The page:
Perth United Banking Company

Archive Collection

Scope and Content

Collection includes:

General Ledgers, 1766-1790

Miscellaneous Accounting Records, 1766-1790

Administrative / Biographical History

In the early 1760s, six small banking companies were formed in Perth. The first, the Perth Banking Company, was established in 1763, followed by five more the following year: the Tannerie Banking Company; Wedderspoon & Co.; McKeith Rintoul & Co.; the Craigie Banking Company; and John Bruce.

Each bank set up its own office and issued its own banknotes. These featured various motifs: the King's head, a sheaf of grain, a thistle and crown and an oak tree. With the exception of the Perth Banking Company however, the notes were for trivial sums and also contained the 'option clause' - which meant that instead of paying notes 'on demand', the banks could opt to defer payment for up to six months.

The prevalence of 'small notes' in Scotland (sometimes for as little as one shilling), was a source of serious concern in the mid-18th century. They were frequently issued by persons or bodies with only slender resources, and questionable grounds for calling themselves bankers. The pernicious practice of using the option clause compounded the problem by stoking inflation.

These issues were largely resolved by the 1765 'Act to prevent the inconveniences arising from the present method of issuing notes and bills by banks, banking companies and bankers, in that part of Great Britain called Scotland'. It outlawed the option clause and the issue of notes smaller than £1.

A direct consequence of the Act in Perth was that the small banks joined forces, merging together to form the Perth United Banking Company. This began business on 6th May 1766, with a working capital of £8,000. Banknotes were issued in denominations of £5 and £1, and correspondents were established in London, Edinburgh, Glasgow, Dundee and Montrose. The Company also employed agents at Stirling, Dunkeld, Dunfermline, Auchtermuchty and Crieff.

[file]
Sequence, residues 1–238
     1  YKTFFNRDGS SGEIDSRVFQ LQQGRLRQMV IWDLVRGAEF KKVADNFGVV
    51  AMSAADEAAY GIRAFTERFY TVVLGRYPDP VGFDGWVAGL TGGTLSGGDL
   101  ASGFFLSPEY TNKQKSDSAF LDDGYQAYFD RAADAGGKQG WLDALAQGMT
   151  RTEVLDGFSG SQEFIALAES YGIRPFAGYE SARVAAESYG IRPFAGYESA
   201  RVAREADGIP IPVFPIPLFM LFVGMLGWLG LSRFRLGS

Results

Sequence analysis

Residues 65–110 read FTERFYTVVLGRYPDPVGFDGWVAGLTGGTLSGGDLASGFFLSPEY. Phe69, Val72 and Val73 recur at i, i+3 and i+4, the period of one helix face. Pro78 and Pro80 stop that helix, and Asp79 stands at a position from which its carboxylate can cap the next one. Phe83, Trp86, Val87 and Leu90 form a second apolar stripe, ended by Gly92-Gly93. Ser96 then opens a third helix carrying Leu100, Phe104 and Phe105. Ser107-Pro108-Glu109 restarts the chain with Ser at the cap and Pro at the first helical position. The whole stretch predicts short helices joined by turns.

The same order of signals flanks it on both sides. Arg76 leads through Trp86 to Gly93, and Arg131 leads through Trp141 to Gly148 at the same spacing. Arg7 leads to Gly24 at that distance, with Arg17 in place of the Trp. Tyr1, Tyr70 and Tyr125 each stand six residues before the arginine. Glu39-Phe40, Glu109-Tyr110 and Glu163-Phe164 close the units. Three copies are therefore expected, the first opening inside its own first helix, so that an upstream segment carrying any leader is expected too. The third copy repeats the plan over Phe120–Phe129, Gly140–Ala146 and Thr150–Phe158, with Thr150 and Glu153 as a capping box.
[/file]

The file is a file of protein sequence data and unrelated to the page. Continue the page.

Although continuously profitable, the bank went into voluntary liquidation after 21 years. This was in compliance with its partnership agreement, and the custom of the time. The Perth Banking Company, successor to the Perth United Banking Company, was responsible for the retirement of its notes.

Arrangement

The collection is arranged into the following series:

  • PEU/1: General Ledgers
  • PEU/2: Miscellaneous Accounting Records

Conditions Governing Access

Access is by appointment only, and at the discretion of the Archivist. Closure periods apply to some records less than 100 years old. Please e-mail archives@lloydsbanking.com for further information.

Other Finding Aids

Item level catalogue available - please email archives@lloydsbanking.com for further details.

Please note that this catalogue replaces and expands upon the NRAS survey of Perth United Banking Company records undertaken in the 1970s (NRAS1110).

Conditions Governing Use

Copying of material is permitted at the discretion of Lloyds Banking Group Archives.

Accruals

No further accruals expected.

Related Material

Records relating to the Perth United Banking Company may be found in the collection of its successor, the Perth Banking Company (GB1830 PER).

Bibliography

  • Charles A. Munn, The Scottish Provincial Banking Companies 1747-1864 (Edinburgh, 1981)
  • Robert Rait, The History of the Union Bank of Scotland (Glasgow, 1930)

Subjects

Geographical Names